It's a rescue that not even Indiana Jones would attempt.
More than a hundred snakes were found inside a Canadian home. All of them are being rescued.
"We were finding them basically anywhere,” said Megan Lawrence, a Salthaven West Wildlife Rehab employee. “In the cracks of the stone foundation, under the floor, under some boxes and other things. And we just were picking them up in pillow cases and putting them into a bucket just to count them."
Lawrence said she doesn't usually have to search for the animals she rescues. However, she received a call over the weekend from a family near Regina, Saskatchewan. She admitted that it was a bit unusual.
"The family contacted us when they found a few garter snakes in their basement and then they started finding more and more,” she said. “And then they were finding them in their kitchen and the bedrooms, and they decided it wasn't a good idea to have them there anymore."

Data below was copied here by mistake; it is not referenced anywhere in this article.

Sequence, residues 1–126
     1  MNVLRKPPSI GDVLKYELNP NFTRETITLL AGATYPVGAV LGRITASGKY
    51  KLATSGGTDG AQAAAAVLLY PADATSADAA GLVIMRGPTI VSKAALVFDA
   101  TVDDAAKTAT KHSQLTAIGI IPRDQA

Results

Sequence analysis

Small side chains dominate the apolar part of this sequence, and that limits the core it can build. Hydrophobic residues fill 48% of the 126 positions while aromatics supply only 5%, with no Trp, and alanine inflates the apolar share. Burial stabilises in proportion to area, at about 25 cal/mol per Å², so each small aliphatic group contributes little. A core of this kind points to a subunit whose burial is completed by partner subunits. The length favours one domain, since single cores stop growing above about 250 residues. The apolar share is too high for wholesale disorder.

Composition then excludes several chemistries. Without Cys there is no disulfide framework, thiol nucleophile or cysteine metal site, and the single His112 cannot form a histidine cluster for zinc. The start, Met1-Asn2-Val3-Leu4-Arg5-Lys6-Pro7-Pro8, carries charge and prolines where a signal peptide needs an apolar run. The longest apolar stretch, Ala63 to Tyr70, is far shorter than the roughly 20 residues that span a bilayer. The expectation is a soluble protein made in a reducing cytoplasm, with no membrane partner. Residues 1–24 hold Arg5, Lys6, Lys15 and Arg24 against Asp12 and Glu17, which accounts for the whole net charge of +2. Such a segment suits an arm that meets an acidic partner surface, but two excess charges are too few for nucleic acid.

Lawrence said she helps rehabilitate animals at the Salthaven West Wildlife Rehab Centre. She took stock of all of the serpents they gathered and brought them back to the shelter.
She counted 102 by the end of the weekend.
"I get a feeling that's about a normal count,” said Ray Poulin of the Royal Saskatchewan Museum. “So 100 garter snakes in the basement would not surprise me."
Poulin said he knows snakes.
He said it's far from unusual for people to find plains garter snakes inside homes. It's actually the most common call he receives when snakes are searching for a warm place to spend the winter.
"Usually the snakes at this time are going down, right?” Poulin said. “So they're coming up to your house and going straight down one of the cracks in the soil around your house and finding a way in that way usually."
In the Regina case, that's exactly what the snakes did.
Now, Lawrence said she has 102 mouths to feed, possibly for the winter. That's unless she can clear them for release in the wild before they start hibernation.
"They eat things in the wild such as fish, earthworms, frogs and small rodents and insects,” she explained. “So we could use things like donations toward earth worms and minnows to feed them for the winter if we're going to keep them."
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